Hope Atop Hell’s Backbone

An excerpt from Mort Rosenblum’s new book ‘Saving Our World from Trump’

BOULDER, Utah – Atop Hell's Backbone Road, a spectacular mountain road to pretty much nowhere, two of America's better angels see hope for an awakened America with a clear sense of what "great" means.

Up here in crisp piney air, Blake Spaulding and her friend, Jen Castle, show what is possible. But after nearly four years in Trump-polluted purgatory down below, it is clear that recapturing the soul of America will take far more than electoral victories.

"We have to realize that this planet is the best spaceship we could ever have to traverse the cosmos," Blake told me, "and if we don't trash the place, we can have some fun along the way."

True enough. The challenge is beyond a change of leaders. We need to fix America and rejoin a wider world to steer our spaceship planet onto a wiser course. This is our last chance to heed a warning from Justice Louis Brandeis more than a century ago:

"We can have democracy in this country, or we can have great wealth concentrated in the hands of a few. But we can't have both."

Boulder, population near 200 since 1890, was once the most remote settlement in the lower 48 states. Until heroic crews carved a gravel road and bridged a deep gorge in 1933, it was a two-day burro trek from the nearest town. Electricity arrived only in 1947.

Now a paved highway snakes along a narrow spine 29 miles past Escalante above rock sculptures that reach to the horizons. It's not for the faint-hearted. Icy winter snow or a badly handled curve can send you hurtling down 1,500 feet on either side.

Blake and Jen pitched up in 2000 after catering raft trips down Colorado River rapids in Arizona. Boulder lived mostly Old West-style, heavy on beans and beef. Soon, devotees drove days to bump elbows with locals around the fire at their Hell's Backbone Grill.

Dishes like "dreamy creamed Swiss chard" and Buddhist prayer flags at first befuddled conservative Mormon families whose forebears pioneered the place. But Blake and Jen made friends fast, and they got a liquor license for a well-stocked bar and wine cellar.

They added a six-acre farm to produce 160 crop varieties on impossible high-desert soil: fields of staple grains, gardens of exotic greens, and trees bursting with fruit. Along with an online shop, they kept an energized Boulder buzzing.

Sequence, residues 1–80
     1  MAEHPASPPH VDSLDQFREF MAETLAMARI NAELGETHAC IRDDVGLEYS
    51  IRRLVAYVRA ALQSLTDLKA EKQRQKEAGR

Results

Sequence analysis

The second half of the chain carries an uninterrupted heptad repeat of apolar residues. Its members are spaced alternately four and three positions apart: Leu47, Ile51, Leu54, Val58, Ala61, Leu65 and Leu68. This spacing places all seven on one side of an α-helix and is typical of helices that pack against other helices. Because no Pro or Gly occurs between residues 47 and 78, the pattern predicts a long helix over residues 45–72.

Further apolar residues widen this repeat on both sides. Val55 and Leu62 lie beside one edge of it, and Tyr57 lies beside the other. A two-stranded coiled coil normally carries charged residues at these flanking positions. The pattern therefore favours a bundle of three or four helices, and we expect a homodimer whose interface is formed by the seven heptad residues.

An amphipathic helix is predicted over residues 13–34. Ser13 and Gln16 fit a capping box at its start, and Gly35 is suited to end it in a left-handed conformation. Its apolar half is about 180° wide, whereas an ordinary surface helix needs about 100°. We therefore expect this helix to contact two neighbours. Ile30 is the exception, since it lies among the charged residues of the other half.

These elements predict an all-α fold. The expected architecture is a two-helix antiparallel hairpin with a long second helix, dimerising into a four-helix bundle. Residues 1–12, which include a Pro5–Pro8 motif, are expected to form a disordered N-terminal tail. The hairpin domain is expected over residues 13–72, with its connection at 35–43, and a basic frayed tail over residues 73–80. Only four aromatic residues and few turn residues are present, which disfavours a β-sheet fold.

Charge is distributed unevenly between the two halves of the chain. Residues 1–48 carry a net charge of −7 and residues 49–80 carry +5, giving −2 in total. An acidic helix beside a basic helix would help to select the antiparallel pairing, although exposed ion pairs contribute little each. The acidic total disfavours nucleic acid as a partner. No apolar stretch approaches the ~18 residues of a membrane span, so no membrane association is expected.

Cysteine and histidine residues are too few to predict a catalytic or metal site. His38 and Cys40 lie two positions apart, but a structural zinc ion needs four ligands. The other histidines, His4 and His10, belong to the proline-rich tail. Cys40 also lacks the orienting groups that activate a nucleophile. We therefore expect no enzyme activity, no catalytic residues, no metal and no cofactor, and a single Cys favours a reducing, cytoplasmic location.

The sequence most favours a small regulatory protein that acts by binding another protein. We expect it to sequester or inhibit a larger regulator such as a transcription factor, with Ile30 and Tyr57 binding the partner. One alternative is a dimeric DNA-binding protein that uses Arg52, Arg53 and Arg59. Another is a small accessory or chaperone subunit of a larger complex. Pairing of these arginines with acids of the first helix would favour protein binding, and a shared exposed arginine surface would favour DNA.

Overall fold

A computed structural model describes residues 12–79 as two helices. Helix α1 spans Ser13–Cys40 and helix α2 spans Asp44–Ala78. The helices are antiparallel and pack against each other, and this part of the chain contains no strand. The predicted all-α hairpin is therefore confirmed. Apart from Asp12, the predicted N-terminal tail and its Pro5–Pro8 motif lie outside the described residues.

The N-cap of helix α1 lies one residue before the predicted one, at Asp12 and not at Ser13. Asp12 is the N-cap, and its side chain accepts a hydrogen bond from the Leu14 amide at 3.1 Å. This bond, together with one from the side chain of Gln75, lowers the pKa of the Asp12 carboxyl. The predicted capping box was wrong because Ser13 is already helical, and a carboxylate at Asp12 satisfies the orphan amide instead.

The grill closed in 2020 before COVID-19 could find its way up Hell's Backbone. Now the menu, including The Dinner Jenchilada, is takeout or served on the patio. Indoor dining will likely return, but much of the wilderness splendor around it may be soon be gone.

In one of his last acts, Barack Obama established the Grand Staircase-Escalante National Monument. A year later, Donald Trump cut its 2,000 square miles by half and slashed 85 percent off Bears Ears National Monument, Bill Clinton's legacy across the mountain.

Blake joined environmentalists to block the decision in court. A lawsuit is pending. Meantime, prospectors, ranchers and developers are moving in with plans that would obliterate ancient Native American ruins on land sacred to a dozen Indian tribes.

Utah exemplifies the reality of Trump's repeated boasts about streamlining regulatory bureaucracy. That guts the EPA, the U.S. Forest Service, the Army Corps of Engineers and agencies that have protected water, air, biodiversity and wildlife for generations.

An executive order in July weakened the 50-year-old National Environmental Policy Act to limit public review of government permits. It followed 100 rollbacks of federal rules, which are badly needed as climatic changes wreak increasing havoc.

Conservationists and Indian tribes have kept much of the plunder at bay in courts. But another four years of Trump would destroy rich heritage from the Alaskan wilds to Florida coastlines.

National monuments, unlike

parks, are multiuse; local authorities are required to hear public comment, but nothing defines how. Early in 2017, Blake rose at dawn and drove two hours to be first in line for a hearing at the Garfield County seat of Panguitch.

Known to be articulately outspoken, she was excluded from the few allowed to speak for a measured minute. In Boulder, when I asked what she would have said, she made her minute count:

"We are ever more disconnected as our society's pace accelerates and mechanizes. The only way we can remember we are human animals is to spend time in nature, to delight in actual quiet, hear bird songs and become friends with plants. If we need this now, in 50 years when I'm long gone, we will need it way more."